China’s trade surplus registered a record value of 877.6 billion dollars (809.5 billion euros) in 2022, thanks to a 7% rise in exports, despite the impacts of confinements.
Exports increased to US$3.95 billion (€3.64 billion), according to data released today by the Chinese General Administration of Customs.
However, the 7% growth was well below the 29.9% rate recorded in 2021, with weakening demand in the United States and Europe.
Also imports, which rose 30.1% in 2021, rose just 1.1% last year as growth in China, the world’s second-largest economy, slowed.
China’s trade surplus increased by 29.7% from the previous record, set in 2021, which was already the highest surplus ever for any country in the world.
“China’s foreign trade and exports have shown strong resilience in the face of many difficulties and challenges,” General Administration of Customs spokesman Lu Daliang said at a press conference.
Export growth slowed towards the end of the year after the US Federal Reserve and other central banks raised interest rates to control inflation.
Chinese exports fell in December, for the third consecutive month, contracting 10.1% year-on-year, to US$306.1 billion (282.4 billion euros). Imports shrank by 7.3% to 228.1 billion dollars (210.4 billion euros).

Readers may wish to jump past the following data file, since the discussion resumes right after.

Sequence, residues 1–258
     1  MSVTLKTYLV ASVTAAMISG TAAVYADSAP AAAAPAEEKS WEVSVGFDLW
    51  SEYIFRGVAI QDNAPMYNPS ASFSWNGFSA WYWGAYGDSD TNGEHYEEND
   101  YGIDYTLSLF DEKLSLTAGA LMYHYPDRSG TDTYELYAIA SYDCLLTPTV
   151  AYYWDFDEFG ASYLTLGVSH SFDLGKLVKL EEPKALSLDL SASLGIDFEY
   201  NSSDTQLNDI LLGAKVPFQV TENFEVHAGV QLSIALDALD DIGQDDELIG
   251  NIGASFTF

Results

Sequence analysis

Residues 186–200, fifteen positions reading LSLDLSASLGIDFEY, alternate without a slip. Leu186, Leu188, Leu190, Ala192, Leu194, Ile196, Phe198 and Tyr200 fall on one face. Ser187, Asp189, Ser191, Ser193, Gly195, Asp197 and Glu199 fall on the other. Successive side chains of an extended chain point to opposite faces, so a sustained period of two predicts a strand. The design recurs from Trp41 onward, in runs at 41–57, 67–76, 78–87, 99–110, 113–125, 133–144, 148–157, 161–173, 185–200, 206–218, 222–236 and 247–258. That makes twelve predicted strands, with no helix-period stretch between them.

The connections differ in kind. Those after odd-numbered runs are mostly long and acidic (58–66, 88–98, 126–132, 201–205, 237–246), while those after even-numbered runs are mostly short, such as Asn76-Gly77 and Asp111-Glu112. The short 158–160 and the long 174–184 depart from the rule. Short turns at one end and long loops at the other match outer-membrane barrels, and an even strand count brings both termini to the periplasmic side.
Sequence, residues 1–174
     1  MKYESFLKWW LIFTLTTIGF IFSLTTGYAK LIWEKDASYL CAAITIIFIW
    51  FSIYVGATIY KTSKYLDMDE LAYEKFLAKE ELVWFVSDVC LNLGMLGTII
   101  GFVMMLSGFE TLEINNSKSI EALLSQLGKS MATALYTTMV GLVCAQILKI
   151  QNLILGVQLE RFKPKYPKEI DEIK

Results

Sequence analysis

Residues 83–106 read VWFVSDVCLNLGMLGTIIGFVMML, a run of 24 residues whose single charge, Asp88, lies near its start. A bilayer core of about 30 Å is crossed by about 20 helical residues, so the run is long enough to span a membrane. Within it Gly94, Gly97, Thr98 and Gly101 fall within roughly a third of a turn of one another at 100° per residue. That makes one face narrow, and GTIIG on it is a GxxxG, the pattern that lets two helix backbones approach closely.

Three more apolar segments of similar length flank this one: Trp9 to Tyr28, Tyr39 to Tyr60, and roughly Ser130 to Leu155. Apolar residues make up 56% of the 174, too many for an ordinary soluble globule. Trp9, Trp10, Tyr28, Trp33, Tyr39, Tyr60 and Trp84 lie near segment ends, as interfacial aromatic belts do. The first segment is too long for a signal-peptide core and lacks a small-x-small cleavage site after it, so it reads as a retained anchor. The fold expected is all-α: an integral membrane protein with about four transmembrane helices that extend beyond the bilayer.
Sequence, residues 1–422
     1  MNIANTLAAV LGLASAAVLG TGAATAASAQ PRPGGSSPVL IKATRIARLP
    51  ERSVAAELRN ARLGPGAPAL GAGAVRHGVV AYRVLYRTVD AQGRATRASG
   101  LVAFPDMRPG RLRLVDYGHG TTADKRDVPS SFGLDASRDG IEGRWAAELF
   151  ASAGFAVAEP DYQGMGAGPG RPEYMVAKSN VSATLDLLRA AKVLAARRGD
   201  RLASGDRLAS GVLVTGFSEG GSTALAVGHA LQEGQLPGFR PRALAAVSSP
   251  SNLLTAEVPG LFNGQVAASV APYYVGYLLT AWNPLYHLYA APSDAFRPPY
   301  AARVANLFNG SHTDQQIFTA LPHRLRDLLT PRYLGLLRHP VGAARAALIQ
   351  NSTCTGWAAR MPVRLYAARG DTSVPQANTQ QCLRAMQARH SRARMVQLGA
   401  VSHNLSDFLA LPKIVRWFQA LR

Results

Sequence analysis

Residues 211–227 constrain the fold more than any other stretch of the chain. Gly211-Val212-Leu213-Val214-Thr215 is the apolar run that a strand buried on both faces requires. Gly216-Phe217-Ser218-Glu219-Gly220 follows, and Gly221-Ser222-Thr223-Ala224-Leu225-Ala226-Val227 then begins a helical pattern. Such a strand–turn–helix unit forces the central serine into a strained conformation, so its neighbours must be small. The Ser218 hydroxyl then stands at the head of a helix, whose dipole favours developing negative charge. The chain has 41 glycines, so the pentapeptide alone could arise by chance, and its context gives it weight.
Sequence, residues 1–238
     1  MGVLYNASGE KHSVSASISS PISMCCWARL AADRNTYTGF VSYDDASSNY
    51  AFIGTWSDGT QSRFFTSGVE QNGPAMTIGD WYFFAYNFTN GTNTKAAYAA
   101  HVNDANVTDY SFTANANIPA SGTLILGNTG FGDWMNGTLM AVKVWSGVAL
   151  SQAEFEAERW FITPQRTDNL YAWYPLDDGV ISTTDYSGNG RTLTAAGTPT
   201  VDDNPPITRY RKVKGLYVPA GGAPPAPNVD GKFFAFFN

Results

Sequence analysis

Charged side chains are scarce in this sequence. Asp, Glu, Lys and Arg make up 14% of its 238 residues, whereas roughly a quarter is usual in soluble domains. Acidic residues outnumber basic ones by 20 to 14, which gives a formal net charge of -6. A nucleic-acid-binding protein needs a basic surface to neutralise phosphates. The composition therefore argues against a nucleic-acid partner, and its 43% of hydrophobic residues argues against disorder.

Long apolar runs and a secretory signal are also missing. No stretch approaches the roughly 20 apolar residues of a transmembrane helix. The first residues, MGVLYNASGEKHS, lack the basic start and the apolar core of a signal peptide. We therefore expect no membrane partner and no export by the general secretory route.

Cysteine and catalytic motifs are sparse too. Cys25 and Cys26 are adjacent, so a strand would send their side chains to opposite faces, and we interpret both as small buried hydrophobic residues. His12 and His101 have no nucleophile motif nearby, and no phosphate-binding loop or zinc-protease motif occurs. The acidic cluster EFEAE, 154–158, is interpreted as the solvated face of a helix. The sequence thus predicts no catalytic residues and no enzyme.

Chinese exports to the United States grew 1% compared to 2021, to 581.8 billion dollars (536.7 million euros), despite tariff increases by former US President Donald Trump, many of which are still in effect.
China’s annual trade surplus with the United States, one of the reasons that led Trump to increase tariffs, rose 1.8% in 2022, to 404.1 billion dollars (372.7 billion euros).
Analysts expect Chinese export growth to slow further as the risk of recession in western economies increases.
“China’s exports are likely to contract through mid-year” 2023, analyst Julian Evans-Pritchard of consultancy Capital Economics said in a report released this week.
In early 2022, trade was also hampered by anti-COVID-19 measures that closed Shanghai and other industrial centers in March for two months, disrupting industrial production and global transport of goods.
Exports to the 27 countries of the European Union fell 39.5% in 2022, to 43.6 billion dollars (40.2 billion euros). China’s trade surplus with Europe fell by 50% to US$19.6 billion (€18.1 billion).